As of today I can call myself “Privatdozent” at LMU Munich, giving me the ability to officially take on and take exams of my own master and PhD students at the department :)
Today we published a 360-degree guided video tour to the ATLAS Experiment I recorded already back in February and recently finished editing.
You won’t need a helmet or solid shoes for this tour and you’re welcome to bring your kids along. This special tour will even take you places you wouldn’t be able to see on a regular tour on site, and you’ll have the chance to look around by yourself.
Last but not least, you can get yourself a Google Cardboard, put your mobile phone into it and enjoy the tour in virtual reality, making it an even more immersive experience.
It’s my second larger Final Cut Pro project after our little ATLAS–LEGO-stop-motion stay-at-home activity :)
In these special times during the COVID-19 pandemic and while staying at home and practicing social distancing day and night, I thought about having an online game night with friends and remembered the good old classic You Don’t Know Jack game I had on my PC ages ago.
So I wanted to give a quick run-down on which games there are, which one I/we like most and what worked well for us.
Jackbox Games actually released a tutorial page on how to play their games with remote friends. Somehow Twitch and Youtube don’t (yet) work well for me, but both Skype and Zoom did a fine job (despite the sound coming through the mic together with my speech).
Also they have some games on sale, or even for free, right now on Steam and elsewhere.
For all games you need one computer running the games and a (mobile) device with a browser for each player. That’s it. And while the number of players is limited, many of the games allow for an almost unlimited number of spectators (audience), which can still take part as an extended jury.
Given the certainly very unique situation caused by the current corona pandemic, I decided to set up a little live blog to document the next couple of weeks representing a mixtures of home office, home schooling, home day care and whatever is yet to come …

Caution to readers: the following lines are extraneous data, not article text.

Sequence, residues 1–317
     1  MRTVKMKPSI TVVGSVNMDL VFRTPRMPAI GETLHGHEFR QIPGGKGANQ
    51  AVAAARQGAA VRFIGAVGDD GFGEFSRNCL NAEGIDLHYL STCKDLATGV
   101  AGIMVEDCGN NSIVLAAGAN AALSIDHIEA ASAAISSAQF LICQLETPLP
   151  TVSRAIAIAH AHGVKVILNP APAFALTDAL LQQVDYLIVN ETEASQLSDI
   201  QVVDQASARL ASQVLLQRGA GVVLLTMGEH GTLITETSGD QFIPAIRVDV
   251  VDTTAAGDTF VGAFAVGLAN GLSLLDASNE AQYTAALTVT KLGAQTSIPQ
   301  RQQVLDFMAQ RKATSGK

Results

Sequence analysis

In the following live life blog, I’ll focus on a few specific, mostly non-work, activities whenever something comes up …
Fifteen years ago, Tuesday 8 March 2005 at 9:57am, I received my CERN account, to start working for the ATLAS Experiment.
What started as an internship – chosen because of a lack of courses in the field I originally planned to pursuit, the physics of macromolecules – in the high-energy-physics group at the Niels Bohr Institute in Copenhagen, turned into a stay at CERN during the Summer Student Programme and a Master’s thesis about the electron identification with the ATLAS transition-radiation tracker (internal) together with studies on a precision measurement of the W-boson mass.
During my PhD at Deutsches Elektronen-Synchrotron DESY in Zeuthen and Humboldt-Universität zu Berlin and various short stays at CERN I was mainly working on the commissioning of the ATLAS pixel detector (internal) and data-driven algorithms to determine the W+Jets background in events with pair-produced top quarks, and was involved in the startup of the German National Analysis Facility.
Going back to the Niels Bohr Institute as a postdoc, I started working on searches for unconventional signatures and long-lived particles and got stuck with that ever since.
I started out looking for heavy, charged long-lived particles, an analysis I continued also after moving to LMU Munich in 2014. Since then, I had the pleasure of leading two ATLAS physics subgroups – supersymmetry with R-parity-violating and long-lived signatures as well as exotics with unconventional and exotic Higgs decays – and joined a community effort in documenting the current status and harmonise searches for long-lived particles at the LHC. Amongst other things, I am currently also working on searches for Soft Unclustered Energy Patterns as signatures of strongly coupled Hidden Sectors and just finished my habilitation.
Besides physics analysis, especially looking for long-lived particles, I was always interested in science communication and education and have been involved in outreach projects since 2006. Highlights were and are certainly the design of the ATLAS LEGO model in 2011, the creation of the ‘Build Your Own Particle Detector‘ programme in 2013 and running it since, the coordination of the ATLAS contribution to the 2019 CERN Open Days, and the still ongoing work on a new ATLAS Visitor Centre. Since 2018, I am also an Education & Outreach coordinator for the ATLAS Collaboration.
I hope to have quite a few more years within ATLAS and other collaborations …